Guest post by Daniel
Based on my best calculations, I gave very close to, or just over, $25 in tzedakah throughout Purim this year. I was makpid to the best of my ability to always give something to anyone that asked me.
Upon arriving back at my house, there was a letter waiting for me, literally right outside my door. It was a 6-week late birthday card from a non-Jewish relative of mine. They don't even know it's Purim this week, let alone what Purim is. There was cash enclosed totaling $25.
The money came right back to me in lightning speed. One thing this teaches me is that the true price of a mitzvah is not the financial expense. It's like my money was distilled, extracting the spirituality (the mitzvah) within it, if you can picture that, and then sent right back to me. So what was extracted in that process? What was the real "currency" that was used to "purchase" my mitzvos?
I believe it was the emunah muscles I had to flex each time I gave money, whether a dollar or a quarter.
It was the challenge of not only parting with my own money, but the challenge of ignoring the rants of the yetzer hara who challenges the worthiness of every beggar and collector that asks for help.
"Why is it always these types of people" "Why is he asking while I'm praying?" "Wasn't he here 10 minutes ago asking for money?" "They should get jobs instead of taking other people's money" and on and on.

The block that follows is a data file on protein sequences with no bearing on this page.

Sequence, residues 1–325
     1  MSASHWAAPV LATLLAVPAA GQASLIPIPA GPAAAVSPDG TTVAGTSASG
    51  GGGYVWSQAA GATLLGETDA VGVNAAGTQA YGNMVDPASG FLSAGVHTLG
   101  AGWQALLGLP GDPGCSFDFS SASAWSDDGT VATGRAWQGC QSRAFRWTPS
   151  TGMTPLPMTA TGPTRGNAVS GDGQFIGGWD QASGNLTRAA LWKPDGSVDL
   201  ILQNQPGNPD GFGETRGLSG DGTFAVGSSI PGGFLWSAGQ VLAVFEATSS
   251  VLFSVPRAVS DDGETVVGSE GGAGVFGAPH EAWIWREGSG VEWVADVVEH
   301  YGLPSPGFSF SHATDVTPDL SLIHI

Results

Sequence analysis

The best response I found was to completely immerse myself in the mida of Hashem's chesed. In that way, it doesn't matter if they are or are not worthy in my eyes - in Hashem's view (lehavdil), as it were, they are all worthy of my tzedakah! It doesn't matter if the guy is coming back to ask for a second time, especially not on Purim.
Similarly, it doesn't matter if all I can afford to give out this year amounts to just $25 - the real currency, strengthening emunah and overcoming the yetzer hara, is present for each person as long as he gives according to his particular income.
From all of this, we should take great joy, for "G-d wished to give Israel merit, therefore he gave them much Torah and many commandments." (Mishnah Makos 3:16)